This wasn't a great weekend for combat sports and their never-ending quest for societal acceptance. Any time a fights spills over the borders of the ring or the cage or the other parameters of regulated competition, the squares and moralists of the world are bound to appear from the shadows, knives and pens in hand, to condemn fighting as proof of barbarism, convinced at any moment that legions of just-barely civilized professional fighters are going to break their chains and bring mayhem into the streets. That wolf is always at the door.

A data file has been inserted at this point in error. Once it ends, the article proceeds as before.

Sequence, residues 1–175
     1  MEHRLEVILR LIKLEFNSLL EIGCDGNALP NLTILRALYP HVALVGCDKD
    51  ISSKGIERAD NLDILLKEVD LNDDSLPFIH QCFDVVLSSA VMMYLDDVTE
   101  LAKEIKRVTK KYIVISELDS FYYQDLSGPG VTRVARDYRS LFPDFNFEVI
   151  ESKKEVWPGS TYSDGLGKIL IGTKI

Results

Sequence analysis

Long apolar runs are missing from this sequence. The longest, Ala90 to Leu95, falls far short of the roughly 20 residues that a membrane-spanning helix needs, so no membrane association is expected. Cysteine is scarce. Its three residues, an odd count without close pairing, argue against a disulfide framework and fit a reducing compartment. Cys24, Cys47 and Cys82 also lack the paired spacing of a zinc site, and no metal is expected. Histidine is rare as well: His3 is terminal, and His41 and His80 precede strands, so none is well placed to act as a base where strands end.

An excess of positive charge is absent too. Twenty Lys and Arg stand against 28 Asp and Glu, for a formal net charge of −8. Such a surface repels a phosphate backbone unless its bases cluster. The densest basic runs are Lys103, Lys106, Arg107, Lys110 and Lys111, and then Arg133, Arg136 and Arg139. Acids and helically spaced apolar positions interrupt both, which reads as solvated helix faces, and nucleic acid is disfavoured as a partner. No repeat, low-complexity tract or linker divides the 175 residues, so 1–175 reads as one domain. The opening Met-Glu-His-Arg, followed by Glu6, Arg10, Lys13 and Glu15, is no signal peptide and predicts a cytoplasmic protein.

Fighting's messy weekend started on Saturday night, during an undercard fight at the MGM National Harbor in Oxon Hill, Maryland. During a super middleweight title fight, Jose Uzcategui knocked out Andre Dirrell but was subsequently disqualified after referee Bill Clancy determined Uzcategui's final flurry had come after the bell ending the eighth round. While Dirrell was being tended to by ringside doctors, the fighter's uncle and assistant trainer Leon Lawson Jr. walked across the ring and punched Uzcategui in the chin with a left hook, touching off a near-riot in the ring. In the ensuing chaos Lawson escaped from the arena, and Prince George's County Police are currently seeking him for questioning and to charge him with first- and second-degree assault, charges that carry maximum punishments of 25 years and 10 years, respectively. Meanwhile, the World Boxing Council announced that it has indefinitely suspended Lawson from participating in any WBC-sanctioned bouts, and the Association of Boxing Commissions has called on all boxing commissions to refuse to license the trainer.